In his regular BBC Sport column, Robbie Savage looks at the tactical decisions which could decide Wednesday's game between Tottenham Hotspur and Manchester City.
Why Spurs should not sit back against Man City
We already know Tottenham play more attacking football under Tim Sherwood than they did under Andre Villas-Boas, and I do not expect Sherwood to change that approach against Manchester City at White Hart Lane.
That means both teams will be looking to attack because I cannot see City boss Manuel Pellegrini holding back either.
The only time Pellegrini has really been cautious in the Premier League was when City played Chelsea at Stamford Bridge in October.
That day he left out Alvaro Negredo and played an extra midfielder, Javi Garcia, instead of two strikers. City lost 2-1 because of a mistake from Joe Hart, but I felt Pellegrini picked the wrong team.
Since then, he has played two up front in every league game, home or away.
An example of when Pellegrini got it right was City's 6-0 thrashing of Tottenham in November, when Andre Villas-Boas was still in charge of Tottenham.
Under Sherwood, the most obvious change by Spurs has been to play two strikers themselves, with Emmanuel Adebayor coming into the team to partner Roberto Soldado.
Sherwood picked Adebayor as a lone striker in their last game, against Swansea, but crucially he got much better support and saw far more of the ball than Soldado ever did when he was up front on his own under Villas-Boas.
Under the Portuguese, Spurs did get their wide men forward but their attacking moves often ended with shots from the edge of the area, and they had the worst shot conversion rate in the top flight.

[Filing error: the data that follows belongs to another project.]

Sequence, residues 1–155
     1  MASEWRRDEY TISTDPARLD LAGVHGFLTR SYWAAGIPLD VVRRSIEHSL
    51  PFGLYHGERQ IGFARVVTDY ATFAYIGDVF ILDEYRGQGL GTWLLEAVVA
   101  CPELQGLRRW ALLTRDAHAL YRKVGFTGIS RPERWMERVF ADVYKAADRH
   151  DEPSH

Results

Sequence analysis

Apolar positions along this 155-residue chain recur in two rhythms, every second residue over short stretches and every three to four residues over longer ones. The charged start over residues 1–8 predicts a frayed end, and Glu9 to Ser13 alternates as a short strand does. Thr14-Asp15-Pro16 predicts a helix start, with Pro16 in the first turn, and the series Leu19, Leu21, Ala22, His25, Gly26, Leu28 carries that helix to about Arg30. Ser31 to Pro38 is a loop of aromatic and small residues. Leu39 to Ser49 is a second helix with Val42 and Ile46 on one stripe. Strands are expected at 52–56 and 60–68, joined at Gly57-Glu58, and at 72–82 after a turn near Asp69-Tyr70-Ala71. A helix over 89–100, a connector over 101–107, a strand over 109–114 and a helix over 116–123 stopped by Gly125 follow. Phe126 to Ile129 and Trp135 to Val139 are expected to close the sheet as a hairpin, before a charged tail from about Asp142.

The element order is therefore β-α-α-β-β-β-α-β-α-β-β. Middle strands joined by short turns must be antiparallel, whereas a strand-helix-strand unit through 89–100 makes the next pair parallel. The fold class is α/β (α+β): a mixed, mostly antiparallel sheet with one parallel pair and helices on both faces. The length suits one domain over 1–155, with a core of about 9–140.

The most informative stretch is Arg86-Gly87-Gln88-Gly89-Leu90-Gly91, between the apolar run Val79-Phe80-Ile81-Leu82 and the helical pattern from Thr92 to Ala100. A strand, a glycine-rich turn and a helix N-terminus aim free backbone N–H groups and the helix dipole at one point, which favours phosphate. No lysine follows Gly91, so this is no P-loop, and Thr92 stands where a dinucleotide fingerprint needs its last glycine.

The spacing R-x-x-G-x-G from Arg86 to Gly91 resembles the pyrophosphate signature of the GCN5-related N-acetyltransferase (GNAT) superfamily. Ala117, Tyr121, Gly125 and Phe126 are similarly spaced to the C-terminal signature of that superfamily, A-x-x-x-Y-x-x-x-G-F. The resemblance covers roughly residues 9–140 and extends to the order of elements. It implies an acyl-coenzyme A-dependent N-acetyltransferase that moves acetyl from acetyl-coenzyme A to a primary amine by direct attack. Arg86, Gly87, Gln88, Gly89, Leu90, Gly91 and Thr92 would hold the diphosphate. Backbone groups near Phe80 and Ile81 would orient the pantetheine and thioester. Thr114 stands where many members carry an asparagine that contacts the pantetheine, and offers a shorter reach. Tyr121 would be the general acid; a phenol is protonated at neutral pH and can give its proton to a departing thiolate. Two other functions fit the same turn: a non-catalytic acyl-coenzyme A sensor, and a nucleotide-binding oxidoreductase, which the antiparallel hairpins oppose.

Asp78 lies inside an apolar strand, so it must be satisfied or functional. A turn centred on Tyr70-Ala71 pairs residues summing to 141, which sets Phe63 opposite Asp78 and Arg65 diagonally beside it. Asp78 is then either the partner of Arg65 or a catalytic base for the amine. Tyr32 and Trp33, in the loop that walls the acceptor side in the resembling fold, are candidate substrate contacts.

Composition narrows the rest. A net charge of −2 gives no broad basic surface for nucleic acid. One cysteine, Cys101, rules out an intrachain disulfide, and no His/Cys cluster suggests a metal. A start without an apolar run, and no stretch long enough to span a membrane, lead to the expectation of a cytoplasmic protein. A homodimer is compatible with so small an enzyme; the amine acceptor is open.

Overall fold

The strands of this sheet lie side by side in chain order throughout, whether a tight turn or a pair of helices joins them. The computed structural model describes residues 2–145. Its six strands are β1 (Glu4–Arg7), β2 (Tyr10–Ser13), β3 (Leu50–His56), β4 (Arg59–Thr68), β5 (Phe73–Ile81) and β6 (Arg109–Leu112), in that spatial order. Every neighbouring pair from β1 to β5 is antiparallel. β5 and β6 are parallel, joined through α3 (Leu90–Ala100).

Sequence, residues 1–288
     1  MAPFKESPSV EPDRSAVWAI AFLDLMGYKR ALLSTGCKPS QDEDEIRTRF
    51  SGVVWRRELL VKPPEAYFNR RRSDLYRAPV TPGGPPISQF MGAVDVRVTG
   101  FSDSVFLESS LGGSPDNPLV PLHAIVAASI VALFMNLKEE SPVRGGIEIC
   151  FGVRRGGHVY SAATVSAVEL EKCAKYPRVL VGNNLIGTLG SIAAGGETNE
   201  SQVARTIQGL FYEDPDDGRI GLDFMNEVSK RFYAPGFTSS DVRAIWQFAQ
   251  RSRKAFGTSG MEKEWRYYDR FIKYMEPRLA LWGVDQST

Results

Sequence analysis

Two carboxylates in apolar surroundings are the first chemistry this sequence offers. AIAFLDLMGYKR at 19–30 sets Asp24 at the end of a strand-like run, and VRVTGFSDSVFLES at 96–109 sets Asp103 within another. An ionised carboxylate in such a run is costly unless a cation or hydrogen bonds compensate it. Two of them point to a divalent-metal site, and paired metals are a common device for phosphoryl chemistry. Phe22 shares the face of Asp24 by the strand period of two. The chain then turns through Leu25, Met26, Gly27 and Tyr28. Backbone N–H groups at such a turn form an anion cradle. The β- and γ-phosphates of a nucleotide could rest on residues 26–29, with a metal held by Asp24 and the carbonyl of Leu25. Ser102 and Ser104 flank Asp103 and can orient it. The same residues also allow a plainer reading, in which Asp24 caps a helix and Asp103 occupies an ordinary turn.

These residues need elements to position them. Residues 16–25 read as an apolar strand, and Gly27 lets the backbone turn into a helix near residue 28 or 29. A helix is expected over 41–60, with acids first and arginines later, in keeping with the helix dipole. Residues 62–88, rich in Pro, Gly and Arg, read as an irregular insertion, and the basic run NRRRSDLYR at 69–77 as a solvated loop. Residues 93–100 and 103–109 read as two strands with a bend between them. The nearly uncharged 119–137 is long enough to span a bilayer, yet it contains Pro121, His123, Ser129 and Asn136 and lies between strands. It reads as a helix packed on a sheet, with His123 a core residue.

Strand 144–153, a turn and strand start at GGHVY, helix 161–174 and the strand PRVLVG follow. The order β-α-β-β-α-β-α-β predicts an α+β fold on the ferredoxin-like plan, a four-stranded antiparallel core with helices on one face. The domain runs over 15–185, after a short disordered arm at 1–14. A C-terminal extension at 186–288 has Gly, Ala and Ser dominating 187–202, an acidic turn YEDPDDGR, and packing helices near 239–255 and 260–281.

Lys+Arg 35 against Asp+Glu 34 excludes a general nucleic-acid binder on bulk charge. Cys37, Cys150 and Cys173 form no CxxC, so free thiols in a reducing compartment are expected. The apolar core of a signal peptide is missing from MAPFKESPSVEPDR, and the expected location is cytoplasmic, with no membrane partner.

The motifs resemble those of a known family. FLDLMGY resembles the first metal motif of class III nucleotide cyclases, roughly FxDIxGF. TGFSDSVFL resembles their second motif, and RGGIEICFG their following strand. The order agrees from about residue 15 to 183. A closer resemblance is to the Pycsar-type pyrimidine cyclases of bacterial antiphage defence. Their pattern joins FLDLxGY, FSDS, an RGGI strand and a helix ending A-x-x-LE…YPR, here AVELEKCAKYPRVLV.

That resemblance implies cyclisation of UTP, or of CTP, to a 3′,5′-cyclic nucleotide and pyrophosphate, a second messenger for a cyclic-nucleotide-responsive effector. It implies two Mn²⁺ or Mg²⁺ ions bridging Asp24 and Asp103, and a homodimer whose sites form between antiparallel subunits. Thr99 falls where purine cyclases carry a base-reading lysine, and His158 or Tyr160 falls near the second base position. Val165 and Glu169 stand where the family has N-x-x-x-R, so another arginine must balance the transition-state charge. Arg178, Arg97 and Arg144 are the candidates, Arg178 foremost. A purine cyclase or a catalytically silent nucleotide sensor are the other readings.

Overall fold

Since Sherwood took over they are taking fewer shots, but are making more of them count than any other Premier League team.
|Tottenham in 2013-14 (and overall rank)|
|Premier League||Under Sherwood||Under Villas-Boas|
|Goals||14 (1)||15 (12)|
|Goals per game||2.33 (2)||0.94 (12)|
|Shots||56 (10)||207 (4)|
|Shots per game||9.33||13|
|Shots on target %||46,43% (8)||44.44% (8)|
|Goals to shots %||25% (1)||7.25% (20)|
|Possession %||53.82% (5)||56.33% (6)|
|Pass completion %||82.14% (9)||82.97 (8)|
|Goals conceded||5 (5)||21 (12)|
|Goals conceded per game||0.83 (4)||1.31 (12)|
Their average possession and passing accuracy has not dropped significantly and, crucially, they have improved defensively as well.
But taking the game to City is definitely Tottenham's best bet because if you try to hold them off, they will always break you down in the end.
Spurs should go for it because look where that approach got Watford, who were 2-0 up against City at half-time in the FA Cup at the weekend. It took two defensive substitutions for Pellegrini to rescue that game.
Tottenham obviously have better players than Watford, so Sherwood should stick with his attacking outlook and set up a team to put City on the back foot and pressure their defence.